What is Plagiarism?

Many people think of plagiarism as copying another’s work, or borrowing someone else’s original ideas. But terms like “copying” and “borrowing” can disguise the seriousness of the offense:

According to the Merriam-Webster Online Dictionary, to “plagiarize” means

* to steal and pass off (the ideas or words of another) as one’s own
* to use (another’s production) without crediting the source
* to commit literary theft
* to present as new and original an idea or product derived from an existing source.

In other words, plagiarism is an act of fraud. It involves both stealing someone else’s work and lying about it afterward.

But can words and ideas really be stolen?

According to U.S. law, the answer is yes. The expression of original ideas is considered intellectual property, and is protected by copyright laws, just like original inventions. Almost all forms of expression fall under copyright protection as long as they are recorded in some way (such as a book or a computer file).

All of the following are considered plagiarism:

* turning in someone else’s work as your own
* copying words or ideas from someone else without giving credit
* failing to put a quotation in quotation marks
* giving incorrect information about the source of a quotation
* changing words but copying the sentence structure of a source without giving credit
* copying so many words or ideas from a source that it makes up the majority of your work, whether you give credit or not (see our section on “fair use” rules)

Most cases of plagiarism can be avoided, however, by citing sources. Simply acknowledging that certain material has been borrowed, and providing your audience with the information necessary to find that source, is usually enough to prevent plagiarism. Plagiarism is a factor in writings of all types whether it be on the internet or in printed material. All authors need to be aware of plagiarism and its financial and legal consequences. For example, if someone had plagiarized one of the Ken Fisher books about Fisher Investments there would be serious implications on that persons integrity as an investor and as an author and could potentially be harmful to their market value as well.  See our section on citation for more information on how to cite sources properly.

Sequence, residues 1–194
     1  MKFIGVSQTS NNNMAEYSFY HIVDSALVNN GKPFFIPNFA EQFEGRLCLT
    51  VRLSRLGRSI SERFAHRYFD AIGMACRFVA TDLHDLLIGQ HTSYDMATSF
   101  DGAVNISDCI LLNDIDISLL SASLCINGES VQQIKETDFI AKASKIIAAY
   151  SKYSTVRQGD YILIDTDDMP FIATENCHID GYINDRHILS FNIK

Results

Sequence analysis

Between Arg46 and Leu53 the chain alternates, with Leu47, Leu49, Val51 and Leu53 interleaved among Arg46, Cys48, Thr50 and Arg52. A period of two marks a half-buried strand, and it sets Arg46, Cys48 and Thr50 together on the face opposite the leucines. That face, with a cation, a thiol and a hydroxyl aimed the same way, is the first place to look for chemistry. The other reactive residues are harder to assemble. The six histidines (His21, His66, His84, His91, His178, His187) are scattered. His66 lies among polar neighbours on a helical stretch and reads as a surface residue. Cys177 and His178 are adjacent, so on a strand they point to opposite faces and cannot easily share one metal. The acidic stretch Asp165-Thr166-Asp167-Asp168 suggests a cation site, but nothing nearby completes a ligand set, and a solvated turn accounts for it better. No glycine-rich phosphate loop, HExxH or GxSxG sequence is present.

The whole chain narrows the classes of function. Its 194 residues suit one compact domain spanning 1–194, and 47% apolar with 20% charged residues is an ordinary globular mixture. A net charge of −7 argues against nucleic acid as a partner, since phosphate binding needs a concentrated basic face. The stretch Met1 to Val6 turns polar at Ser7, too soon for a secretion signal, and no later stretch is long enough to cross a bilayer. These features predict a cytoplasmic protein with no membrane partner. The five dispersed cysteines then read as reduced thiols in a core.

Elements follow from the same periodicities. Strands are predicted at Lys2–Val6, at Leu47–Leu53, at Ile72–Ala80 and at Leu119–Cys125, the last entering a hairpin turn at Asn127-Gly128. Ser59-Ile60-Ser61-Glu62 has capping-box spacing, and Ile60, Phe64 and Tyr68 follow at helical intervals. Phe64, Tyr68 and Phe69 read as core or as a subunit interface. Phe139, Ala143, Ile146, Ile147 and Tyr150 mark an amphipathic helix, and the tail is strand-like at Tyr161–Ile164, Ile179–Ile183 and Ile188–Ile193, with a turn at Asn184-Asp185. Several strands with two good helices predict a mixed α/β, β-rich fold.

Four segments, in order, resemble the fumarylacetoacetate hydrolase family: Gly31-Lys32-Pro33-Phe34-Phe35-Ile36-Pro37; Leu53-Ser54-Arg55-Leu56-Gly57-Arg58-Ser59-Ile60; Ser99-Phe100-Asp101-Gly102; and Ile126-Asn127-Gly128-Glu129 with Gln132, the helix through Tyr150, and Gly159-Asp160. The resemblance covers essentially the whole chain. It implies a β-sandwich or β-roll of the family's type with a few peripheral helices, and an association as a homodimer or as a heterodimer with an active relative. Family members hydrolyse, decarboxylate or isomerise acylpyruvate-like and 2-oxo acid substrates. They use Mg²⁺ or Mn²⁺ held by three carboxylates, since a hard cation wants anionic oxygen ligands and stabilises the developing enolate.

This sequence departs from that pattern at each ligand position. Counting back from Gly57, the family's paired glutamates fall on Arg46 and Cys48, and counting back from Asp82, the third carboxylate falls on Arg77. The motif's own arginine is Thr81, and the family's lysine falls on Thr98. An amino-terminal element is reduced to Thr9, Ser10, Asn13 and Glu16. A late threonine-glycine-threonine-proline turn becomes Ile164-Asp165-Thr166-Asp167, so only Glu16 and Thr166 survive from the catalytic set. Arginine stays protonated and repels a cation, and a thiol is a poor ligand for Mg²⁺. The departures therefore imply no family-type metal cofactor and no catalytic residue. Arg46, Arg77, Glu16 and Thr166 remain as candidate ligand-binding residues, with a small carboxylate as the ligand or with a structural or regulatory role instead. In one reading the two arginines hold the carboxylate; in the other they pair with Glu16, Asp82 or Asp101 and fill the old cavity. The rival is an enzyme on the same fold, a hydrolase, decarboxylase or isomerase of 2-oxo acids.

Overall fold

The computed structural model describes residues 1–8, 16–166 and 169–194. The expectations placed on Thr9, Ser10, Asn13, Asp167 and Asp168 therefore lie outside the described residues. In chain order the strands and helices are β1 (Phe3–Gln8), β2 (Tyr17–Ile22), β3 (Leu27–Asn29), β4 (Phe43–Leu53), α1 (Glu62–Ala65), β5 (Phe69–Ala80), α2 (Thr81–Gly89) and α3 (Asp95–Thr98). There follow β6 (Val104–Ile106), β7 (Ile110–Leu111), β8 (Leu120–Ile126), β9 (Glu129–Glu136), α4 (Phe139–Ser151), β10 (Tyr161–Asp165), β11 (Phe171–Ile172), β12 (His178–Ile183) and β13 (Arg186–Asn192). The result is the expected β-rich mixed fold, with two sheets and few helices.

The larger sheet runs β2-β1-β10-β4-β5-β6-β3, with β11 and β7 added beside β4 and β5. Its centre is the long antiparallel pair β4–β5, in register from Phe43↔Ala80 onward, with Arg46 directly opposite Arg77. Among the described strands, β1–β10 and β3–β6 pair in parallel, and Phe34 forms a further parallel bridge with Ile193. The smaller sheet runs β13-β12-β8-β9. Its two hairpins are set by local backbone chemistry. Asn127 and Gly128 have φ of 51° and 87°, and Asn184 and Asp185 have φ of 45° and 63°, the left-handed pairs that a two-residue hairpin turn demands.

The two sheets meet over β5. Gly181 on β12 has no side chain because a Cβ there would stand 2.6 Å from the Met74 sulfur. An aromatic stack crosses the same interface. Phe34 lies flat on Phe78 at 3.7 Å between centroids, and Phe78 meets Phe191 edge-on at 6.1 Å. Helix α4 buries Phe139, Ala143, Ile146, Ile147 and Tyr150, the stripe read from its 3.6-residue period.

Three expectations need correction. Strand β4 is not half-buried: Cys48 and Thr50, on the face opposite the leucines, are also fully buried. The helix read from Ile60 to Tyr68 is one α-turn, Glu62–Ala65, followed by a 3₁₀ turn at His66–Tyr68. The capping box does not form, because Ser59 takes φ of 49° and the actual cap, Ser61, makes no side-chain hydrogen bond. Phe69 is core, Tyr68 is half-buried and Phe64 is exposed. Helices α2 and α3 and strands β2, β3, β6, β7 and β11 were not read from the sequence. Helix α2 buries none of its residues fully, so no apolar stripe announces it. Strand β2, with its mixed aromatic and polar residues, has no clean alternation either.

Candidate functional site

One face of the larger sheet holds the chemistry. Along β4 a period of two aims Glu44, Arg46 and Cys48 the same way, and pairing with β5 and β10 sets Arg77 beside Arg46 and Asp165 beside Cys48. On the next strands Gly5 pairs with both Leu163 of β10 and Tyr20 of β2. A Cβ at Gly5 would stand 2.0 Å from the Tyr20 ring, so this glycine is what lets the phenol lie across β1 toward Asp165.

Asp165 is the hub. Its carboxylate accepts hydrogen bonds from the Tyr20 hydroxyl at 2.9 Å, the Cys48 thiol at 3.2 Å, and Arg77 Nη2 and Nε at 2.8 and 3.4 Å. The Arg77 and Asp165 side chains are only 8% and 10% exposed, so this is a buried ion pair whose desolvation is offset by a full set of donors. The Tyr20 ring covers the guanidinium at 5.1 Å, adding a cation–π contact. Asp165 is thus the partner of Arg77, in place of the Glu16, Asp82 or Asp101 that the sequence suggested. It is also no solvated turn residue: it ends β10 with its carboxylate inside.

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  1. Anais says:

    @Irony, thy name is Dervaes | Seasons in the Soil: These last few weeks, the blogosphere and certain media outlets have been full of unfounded and false reports that have led to a smear campaign against members of our family. Unfortunately, there is much published misinformation, but one valid point was bought to my attention.

    Back in 2008, I did some research about Victory Gardens for a post used on this Little Homestead in the City site and our sister site Freedom Gardens. I used three sources, citing two but omitting to credit one of the paragraphs (the content was that of a timeline and it was never my intention to claim these words as my own). Yet a mistake was made and for that I am sorry. See http://freedomgardens.org/abou…..movements/

    Right after the error was pointed out last week, I edited the post by adding the proper quotation formatting and source citation. I appreciated the chance to correct my mistake and rectify the inadvertent oversight.
    Although, the oversight was not brought to my attention in a private and direct manner, correction is correction & there is always room for improvement so I hope strive to be more careful making sure I check for omissions, etc in the future.

    Thank you allowing me to correct this mistake.

    Anais Dervaes